2020 Update

Significant changes came with the 2020 model year, including the electric motor and battery upgrades. The new electric motor features a max output of 100 kW, while the max torque remains the same. As a result, driving dynamics have been improved slightly.

More importantly, engineers installed a new battery pack, with an increased capacity of 38.3 kWh. As a result, the max range was increased to 310 kilometres, according to WLTP (World-harmonized Light-duty vehicles Test Procedure).

Hyundai Ioniq Electric is visually more unique than hybrid and plug-in hybrid models, as it features a closed grille instead of a conventional one. This "grille” is available in different colours (standard, black and grey).

The trim level organisation is the same as for the hybrid and includes two versions in Elite and Premium.

Hyundai Ioniq Electric Key Features

  • Max Output: 89kW (2017-2019), 100kW (2020-present)
  • Battery Capacity: 28kWh (2017-2019), 38.3kWh (2020-present)
  • Max Range: 280km (2017-2019), 310km (2020-present)
  • 0-100km/h: 9.9s (2017-2019), 9.2s (2020-present)

Hyundai Ioniq Plug-In Hybrid

Just like the hybrid, the Hyundai Ioniq Plug-In Hybrid is also based on a 1.6-litre petrol engine. However, the engine comes in combination with a more powerful electric motor, which is good for about 44.5kW. Once again, the peak of the two units is different, so the combined output is also 104kW. Still, a more powerful electric motor provides a slightly more low-end torque, so the acceleration is slightly better (10.6 seconds). Once again, the power is sent to the front wheels via 6-speed DCT, which operates in two modes – Eco and Sport.

This version of Ioniq comes with an 8.9-kWh battery, which provides up to 47 kilometres of the all-electric range. Just like the other two, it also comes in two variants – Elite and Premium.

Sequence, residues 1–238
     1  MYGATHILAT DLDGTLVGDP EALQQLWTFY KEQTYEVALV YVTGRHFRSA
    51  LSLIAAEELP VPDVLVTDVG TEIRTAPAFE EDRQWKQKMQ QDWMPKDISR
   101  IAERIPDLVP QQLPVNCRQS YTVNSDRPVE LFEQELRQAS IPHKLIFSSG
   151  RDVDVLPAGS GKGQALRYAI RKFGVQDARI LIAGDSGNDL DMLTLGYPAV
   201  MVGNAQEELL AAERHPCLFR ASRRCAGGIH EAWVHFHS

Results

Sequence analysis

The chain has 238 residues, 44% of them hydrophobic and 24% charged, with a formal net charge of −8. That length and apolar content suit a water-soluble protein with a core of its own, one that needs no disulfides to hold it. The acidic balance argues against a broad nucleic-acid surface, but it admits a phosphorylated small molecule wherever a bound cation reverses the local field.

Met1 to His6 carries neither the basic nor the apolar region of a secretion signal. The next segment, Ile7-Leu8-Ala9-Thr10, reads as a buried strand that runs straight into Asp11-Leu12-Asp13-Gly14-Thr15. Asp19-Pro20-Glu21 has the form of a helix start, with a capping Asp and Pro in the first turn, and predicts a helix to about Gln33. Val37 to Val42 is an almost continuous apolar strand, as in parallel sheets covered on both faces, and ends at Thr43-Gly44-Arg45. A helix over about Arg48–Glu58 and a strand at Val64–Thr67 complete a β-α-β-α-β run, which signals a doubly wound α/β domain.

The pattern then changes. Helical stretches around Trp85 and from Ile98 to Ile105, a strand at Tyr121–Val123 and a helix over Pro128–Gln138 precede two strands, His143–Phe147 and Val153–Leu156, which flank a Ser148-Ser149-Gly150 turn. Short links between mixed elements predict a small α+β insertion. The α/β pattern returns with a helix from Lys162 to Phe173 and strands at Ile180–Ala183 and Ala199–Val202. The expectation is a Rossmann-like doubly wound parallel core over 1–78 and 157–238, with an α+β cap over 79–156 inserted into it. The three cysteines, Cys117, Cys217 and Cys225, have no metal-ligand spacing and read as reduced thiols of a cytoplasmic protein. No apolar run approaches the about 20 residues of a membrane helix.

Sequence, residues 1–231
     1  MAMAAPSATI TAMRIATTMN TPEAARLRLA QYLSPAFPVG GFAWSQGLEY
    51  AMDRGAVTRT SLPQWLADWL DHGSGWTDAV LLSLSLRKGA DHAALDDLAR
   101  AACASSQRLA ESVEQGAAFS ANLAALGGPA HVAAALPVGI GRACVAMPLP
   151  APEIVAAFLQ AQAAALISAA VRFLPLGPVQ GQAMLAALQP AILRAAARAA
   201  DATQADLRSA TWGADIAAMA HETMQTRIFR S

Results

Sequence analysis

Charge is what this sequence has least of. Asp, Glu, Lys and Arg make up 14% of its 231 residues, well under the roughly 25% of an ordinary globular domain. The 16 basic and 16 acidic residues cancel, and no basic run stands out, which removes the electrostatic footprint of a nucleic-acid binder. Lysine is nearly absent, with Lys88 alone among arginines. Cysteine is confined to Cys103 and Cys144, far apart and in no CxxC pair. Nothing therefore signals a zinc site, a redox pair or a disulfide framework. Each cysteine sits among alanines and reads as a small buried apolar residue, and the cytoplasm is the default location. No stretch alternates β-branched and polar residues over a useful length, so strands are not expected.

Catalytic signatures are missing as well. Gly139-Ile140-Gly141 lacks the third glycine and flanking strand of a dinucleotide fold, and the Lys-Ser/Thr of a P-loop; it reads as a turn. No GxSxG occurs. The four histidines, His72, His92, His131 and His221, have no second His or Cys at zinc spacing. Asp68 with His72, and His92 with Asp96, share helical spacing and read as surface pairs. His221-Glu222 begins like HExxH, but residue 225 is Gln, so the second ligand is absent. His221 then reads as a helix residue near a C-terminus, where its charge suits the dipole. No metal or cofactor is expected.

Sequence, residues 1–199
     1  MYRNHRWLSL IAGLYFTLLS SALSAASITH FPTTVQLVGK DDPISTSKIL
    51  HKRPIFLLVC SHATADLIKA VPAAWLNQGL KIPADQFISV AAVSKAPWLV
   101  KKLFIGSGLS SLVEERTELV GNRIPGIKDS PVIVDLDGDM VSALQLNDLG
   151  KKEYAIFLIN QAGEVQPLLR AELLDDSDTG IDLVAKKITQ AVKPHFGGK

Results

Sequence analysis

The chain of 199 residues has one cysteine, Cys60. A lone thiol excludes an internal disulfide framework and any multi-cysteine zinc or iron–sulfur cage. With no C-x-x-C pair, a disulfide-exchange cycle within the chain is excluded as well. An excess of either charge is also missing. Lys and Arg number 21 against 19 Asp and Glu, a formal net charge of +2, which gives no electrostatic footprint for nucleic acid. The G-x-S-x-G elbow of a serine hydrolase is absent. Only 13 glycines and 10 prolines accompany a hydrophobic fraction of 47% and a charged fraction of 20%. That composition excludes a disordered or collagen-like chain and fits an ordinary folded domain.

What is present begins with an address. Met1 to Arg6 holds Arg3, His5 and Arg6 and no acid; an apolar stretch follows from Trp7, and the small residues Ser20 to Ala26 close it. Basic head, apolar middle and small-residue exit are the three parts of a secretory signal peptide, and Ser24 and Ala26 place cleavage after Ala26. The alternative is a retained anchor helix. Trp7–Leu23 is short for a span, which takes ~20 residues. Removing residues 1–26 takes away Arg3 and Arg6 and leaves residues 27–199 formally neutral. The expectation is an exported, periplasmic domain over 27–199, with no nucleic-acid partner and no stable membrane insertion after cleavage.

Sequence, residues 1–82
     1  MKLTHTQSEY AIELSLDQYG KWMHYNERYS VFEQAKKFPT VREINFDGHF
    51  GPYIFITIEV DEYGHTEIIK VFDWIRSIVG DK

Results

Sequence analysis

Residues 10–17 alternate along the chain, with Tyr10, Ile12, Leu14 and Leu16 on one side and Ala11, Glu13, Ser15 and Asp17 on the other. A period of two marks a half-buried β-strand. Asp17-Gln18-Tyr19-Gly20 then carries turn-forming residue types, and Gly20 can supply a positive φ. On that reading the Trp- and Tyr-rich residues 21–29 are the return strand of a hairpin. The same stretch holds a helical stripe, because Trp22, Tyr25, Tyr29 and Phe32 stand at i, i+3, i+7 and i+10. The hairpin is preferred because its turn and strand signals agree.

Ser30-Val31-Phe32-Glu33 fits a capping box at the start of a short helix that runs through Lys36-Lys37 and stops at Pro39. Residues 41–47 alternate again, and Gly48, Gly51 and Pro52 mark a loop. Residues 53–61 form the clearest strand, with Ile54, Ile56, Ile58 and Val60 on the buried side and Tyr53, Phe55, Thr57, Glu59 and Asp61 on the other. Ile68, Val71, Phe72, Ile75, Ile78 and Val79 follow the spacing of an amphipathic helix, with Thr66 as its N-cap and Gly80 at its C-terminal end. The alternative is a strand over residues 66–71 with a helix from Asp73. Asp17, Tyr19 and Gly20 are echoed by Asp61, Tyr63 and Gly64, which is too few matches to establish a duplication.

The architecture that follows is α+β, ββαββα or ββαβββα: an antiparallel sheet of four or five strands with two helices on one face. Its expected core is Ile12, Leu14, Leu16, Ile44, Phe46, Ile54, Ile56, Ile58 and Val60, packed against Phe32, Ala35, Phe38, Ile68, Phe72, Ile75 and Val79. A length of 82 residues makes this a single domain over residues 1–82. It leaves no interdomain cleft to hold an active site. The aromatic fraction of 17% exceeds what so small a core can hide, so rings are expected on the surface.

Hyundai Ioniq Plug-In Hybrid Key Features

  • Petrol Engine: 1.6-litre, four-cylinder, 78kW
  • Electric Motor: 44.5kW
  • Combined Output: 104kW
  • Battery Capacity: 8.9kWh
  • All-Electric Range: 47km
  • 0-100km/h: 10.6s

Is the Hyundai Ioniq Reliable?

Hyundai Ioniq reviews in Australia don’t say much about the model’s reliability. On the other hand, renowned websites in North America (J.D. Power) and the U.K. (CarBuyer) usually rank all three versions pretty high, saying that the overall reliability is mainly above average.

Since this is still a relatively young model on the market, it's hard to find common issues. We can hear complaints about electrics here and there, while the DCT gearbox from hybrid and plug-in hybrid models requires more frequent service than typical automatic transmission.

So far, there are no reports about any battery issues.

What Is the Range of the Hyundai Ioniq?

The Hyundai Ioniq Plug-In Hybrid offers a max range of 47 kilometres in the all-electric mode.

When it comes to all-electric Ioniq, models produced between 2017 and 2019 can make around 280 kilometres on a single charge (NEDC). On the other side, newer models feature larger battery and a max range of 310 kilometres, according to WLTP.

Keep in mind that real-life numbers are usually lower.

Hyundai Ioniq 5

Starting next year, this nameplate won't be reserved for just one model. The company will use the Ioniq name for the whole family of electrified models in the future, and the first vehicle to come will be called Hyundai Ioniq 5.

This will be an all-electric crossover, and from what we know so far, it will be built on the company's new Electric-Global Modular Platform, which has an 800-volt operating capacity. We expect to see two variants in the offer, with single and dual electric motor setups. The latter should feature a max output of 240 kW.

The latest reports suggest this model will feature a 77.4-kWh battery and all kinds of charging options. From what we’ve heard, it will need just 18 minutes to get to 80% of the capacity with the fast charger. We expect to see this model next year.

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By Nebojsa Grmusa